And so on until it was established that if something was weird in society at large, it was the norm among the Fell Club. Of course this culminated on the last morning when I turned out to be the freak for being the only one who hadn't cut their toothbrush handle in half (it's a gram-saving measure)!

I could add that as far as I could make out, there's a general anti-Brexit sentiment (further chimes with YACF) and I will definitely add that the vast majority of them were really rather likeable. They did manage to make YACF look like a hangout for fashion victims, so I'll leave to your imagination their clothing sense.
Riding a concrete path through the nebulous and chaotic future.


  • Ride adventurously and stop for a brew.
Re: Æthelstan, Alfred and the Oddballs
« Reply #2 on: 08 July, 2021, 06:15:45 pm »
The journey back

But all good times come to an end (or so people say). In some cases they can be prolonged a little. So on the last day (having cleaned my teeth with my cumbersome full-length toothbrush) I was somehow talked into riding back a little of the way with three of them. We parted ways in Wantage, they heading north to Worcester, I west to Bristol, but not before I had got us all lost in the deserts of Harwell. It all worked out well though, they wanted to head into the town itself so we took a new (to me and newly constructed: “temporary surface till autumn 2021” read the signs) series of gravel paths through some very pretty villages.

Wantage was King Alfred's capital. I didn't meet him either… The town could be rather pretty but is spoiled by the entire central area, which presumably used to be a market square, being a car park surrounded by chain shops.

I had intended to camp on the Ridgeway as an easy wild camp place. But first I needed some food. Stopped in the first village the other side of Wantage, was told there was a shop in the next one and I could get there quicker by following the cycle path (tarmacked shared-use footpath but beats the road on this occasion). I found the shop but it was closed, so rode on to Uffington. Got some goodies at the shop there then up Woolstone Hill. Okay, I pushed the steepest bit. Passed the police attending to a car break in, back window and one side window gone.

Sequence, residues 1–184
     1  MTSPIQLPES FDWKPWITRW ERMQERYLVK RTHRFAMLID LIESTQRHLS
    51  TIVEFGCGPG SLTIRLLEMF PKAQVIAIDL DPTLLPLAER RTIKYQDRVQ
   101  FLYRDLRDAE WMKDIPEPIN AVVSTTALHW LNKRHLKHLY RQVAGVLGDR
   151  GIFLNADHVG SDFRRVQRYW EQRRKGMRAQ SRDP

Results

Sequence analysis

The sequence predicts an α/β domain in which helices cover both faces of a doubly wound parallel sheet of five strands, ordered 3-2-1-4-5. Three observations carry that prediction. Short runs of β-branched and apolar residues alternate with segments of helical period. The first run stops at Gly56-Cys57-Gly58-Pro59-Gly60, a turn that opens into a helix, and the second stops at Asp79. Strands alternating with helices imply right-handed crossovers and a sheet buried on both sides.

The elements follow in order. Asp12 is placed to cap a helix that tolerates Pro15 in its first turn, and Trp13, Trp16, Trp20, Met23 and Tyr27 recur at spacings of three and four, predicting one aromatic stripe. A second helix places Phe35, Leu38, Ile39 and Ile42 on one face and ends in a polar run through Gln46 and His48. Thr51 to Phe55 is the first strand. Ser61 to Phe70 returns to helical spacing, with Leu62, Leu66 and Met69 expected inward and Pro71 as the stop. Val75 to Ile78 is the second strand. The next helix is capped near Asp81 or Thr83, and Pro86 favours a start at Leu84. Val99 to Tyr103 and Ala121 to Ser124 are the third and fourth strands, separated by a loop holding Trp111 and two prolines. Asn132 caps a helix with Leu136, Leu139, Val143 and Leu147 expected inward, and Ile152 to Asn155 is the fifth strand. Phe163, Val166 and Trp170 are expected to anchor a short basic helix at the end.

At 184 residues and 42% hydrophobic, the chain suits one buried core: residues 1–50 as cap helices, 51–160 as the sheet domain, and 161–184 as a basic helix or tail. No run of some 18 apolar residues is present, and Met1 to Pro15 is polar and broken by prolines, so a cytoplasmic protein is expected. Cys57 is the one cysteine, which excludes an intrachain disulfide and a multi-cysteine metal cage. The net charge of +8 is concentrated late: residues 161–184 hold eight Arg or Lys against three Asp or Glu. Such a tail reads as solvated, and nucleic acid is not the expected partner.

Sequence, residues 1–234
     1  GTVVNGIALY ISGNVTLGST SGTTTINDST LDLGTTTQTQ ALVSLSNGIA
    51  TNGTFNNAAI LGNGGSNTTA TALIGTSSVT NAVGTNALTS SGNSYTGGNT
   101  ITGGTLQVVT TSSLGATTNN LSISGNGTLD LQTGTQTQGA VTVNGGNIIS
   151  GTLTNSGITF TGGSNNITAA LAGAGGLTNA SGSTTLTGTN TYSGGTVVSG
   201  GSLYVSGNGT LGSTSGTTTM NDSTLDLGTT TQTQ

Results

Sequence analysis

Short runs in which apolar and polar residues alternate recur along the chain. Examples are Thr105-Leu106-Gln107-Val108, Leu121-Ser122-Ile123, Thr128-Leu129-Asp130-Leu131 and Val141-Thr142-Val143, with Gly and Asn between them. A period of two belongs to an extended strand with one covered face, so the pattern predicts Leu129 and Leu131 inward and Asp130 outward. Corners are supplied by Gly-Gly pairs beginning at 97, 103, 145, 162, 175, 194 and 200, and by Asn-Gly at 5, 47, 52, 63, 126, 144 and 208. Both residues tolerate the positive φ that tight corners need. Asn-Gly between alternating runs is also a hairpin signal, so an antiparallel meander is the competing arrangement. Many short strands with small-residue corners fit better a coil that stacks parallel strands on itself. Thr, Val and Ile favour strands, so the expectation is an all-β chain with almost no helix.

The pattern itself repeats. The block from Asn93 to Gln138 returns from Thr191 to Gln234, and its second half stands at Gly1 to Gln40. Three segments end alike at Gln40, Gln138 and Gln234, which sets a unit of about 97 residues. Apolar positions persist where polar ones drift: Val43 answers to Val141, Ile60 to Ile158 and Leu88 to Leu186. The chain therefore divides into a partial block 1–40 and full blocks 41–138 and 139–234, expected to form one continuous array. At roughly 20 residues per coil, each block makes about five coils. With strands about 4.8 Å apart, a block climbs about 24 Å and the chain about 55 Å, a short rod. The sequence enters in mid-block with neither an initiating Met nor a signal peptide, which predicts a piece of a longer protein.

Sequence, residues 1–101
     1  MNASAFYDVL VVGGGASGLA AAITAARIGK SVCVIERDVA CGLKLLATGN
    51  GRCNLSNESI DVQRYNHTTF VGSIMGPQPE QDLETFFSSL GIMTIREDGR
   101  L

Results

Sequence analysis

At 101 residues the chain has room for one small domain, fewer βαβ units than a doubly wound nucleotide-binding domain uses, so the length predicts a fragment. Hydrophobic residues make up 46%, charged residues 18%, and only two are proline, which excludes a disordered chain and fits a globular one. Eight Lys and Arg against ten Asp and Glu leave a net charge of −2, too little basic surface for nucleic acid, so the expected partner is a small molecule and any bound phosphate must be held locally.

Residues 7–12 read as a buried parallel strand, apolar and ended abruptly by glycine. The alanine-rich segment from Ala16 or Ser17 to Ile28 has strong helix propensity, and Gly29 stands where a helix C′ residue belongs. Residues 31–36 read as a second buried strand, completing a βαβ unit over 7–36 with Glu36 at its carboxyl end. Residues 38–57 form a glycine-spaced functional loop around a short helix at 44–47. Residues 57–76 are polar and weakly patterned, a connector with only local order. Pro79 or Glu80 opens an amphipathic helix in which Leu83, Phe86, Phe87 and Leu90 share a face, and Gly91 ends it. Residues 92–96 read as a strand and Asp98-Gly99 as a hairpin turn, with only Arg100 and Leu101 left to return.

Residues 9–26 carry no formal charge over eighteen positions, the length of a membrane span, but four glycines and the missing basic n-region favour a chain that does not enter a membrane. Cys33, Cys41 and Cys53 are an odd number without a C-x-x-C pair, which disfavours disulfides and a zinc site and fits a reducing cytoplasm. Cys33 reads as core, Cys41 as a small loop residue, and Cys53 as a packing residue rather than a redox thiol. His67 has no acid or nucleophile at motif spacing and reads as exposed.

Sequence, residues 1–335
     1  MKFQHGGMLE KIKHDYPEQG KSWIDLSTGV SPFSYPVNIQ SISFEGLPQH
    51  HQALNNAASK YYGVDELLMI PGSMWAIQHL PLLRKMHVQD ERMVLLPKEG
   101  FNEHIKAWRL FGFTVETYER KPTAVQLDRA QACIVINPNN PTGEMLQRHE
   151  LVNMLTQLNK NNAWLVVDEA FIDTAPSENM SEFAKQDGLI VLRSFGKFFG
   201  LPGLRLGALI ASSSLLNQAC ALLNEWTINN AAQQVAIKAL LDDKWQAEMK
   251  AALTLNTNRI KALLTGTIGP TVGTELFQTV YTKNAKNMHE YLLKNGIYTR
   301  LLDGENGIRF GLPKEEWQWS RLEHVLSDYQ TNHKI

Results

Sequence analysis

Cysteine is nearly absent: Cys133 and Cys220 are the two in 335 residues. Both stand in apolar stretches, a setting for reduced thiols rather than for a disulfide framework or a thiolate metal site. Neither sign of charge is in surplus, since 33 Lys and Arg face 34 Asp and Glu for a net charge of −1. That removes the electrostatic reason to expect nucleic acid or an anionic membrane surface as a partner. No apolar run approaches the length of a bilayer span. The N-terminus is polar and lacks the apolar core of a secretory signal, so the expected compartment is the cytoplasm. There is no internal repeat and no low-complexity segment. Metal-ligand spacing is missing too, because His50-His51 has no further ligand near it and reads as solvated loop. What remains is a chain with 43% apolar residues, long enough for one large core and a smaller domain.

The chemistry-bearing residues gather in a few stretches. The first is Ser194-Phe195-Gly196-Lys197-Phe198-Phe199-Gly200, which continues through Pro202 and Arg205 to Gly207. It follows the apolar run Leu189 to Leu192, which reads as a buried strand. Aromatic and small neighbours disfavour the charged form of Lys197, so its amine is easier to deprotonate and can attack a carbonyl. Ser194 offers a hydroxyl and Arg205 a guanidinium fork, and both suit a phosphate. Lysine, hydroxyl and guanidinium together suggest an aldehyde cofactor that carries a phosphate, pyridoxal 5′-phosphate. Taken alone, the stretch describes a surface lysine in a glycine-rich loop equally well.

The Ridgeway itself was empty. Seems people only walk along the bit immediately above the white horse and through the fort there. Wasn't sure of a decent place to camp, wanted somewhere north of the ridge itself as there was a fairly strong wind from the south and rain was forecast. Eventually settled on a broad flat verge on the Ridgeway itself, or rather about 30 metres off it on the D'Arcy Dalton Way, in preference to the woods. It was only about six o'clock, way too early to pitch, so I made a cup of tea (black of course). A bloke walked past, probably he'd come up from Uffington or one of its neighbouring villages. “You've got about an hour before the rain comes,” he said. “I checked it on the radar.” I took this as tacit acknowledgment that it was okay to camp there. Half an hour he later he walked past in the other direction. He was the last person I saw for over 12 hours; I'd been expecting a few late evening dog walkers, but no. He was spot on about the rain, too, so I got the tent up quickly and ate my couscous.

In the morning the storm had passed and the path was clear, sunny and totally empty. I'd been expecting early morning dog walkers even more than evening ones, but I saw no one at all till half past seven.

Getting back through Swindon was way harder than on the way out due to the one-way system. And the other side of Swindon, the wind began. Dead west and getting stronger. It got to the point where I was faster up hill, where it was sheltered, than on the flat.

And then I got home, had a shower, another cup of tea (in a nice ceramic mug) and watched the football with my son.
Riding a concrete path through the nebulous and chaotic future.

Oscar's dad

  • aka Septimus Fitzwilliam Beauregard Partridge
Re: Æthelstan, Alfred and the Oddballs
« Reply #3 on: 09 July, 2021, 06:02:11 am »
Very good!

I'm getting quite interested in the whole Æthelstan and Alfred thing is we're slowly making our way through The Vikings on Amazon Prime.  Yes I know its the telly and not historically accurate but its given me a flavour of the times.  Also we've just come back from a fortnight in Northumberland, with the caravan of course  ;D , and St Cuthbert was very much in evidence.

Anyhow, good write up, an enjoyable read, and your new mates in the Fell Club sound like a fantastic bunch.  Top marks  :thumbsup:

Re: Æthelstan, Alfred and the Oddballs
« Reply #4 on: 19 July, 2021, 10:02:29 am »
This sounds great. I once wild camped, in a very similar tent, pretty close to where you were - walking the second half of the Ridgeway and on to Glastonbury festival.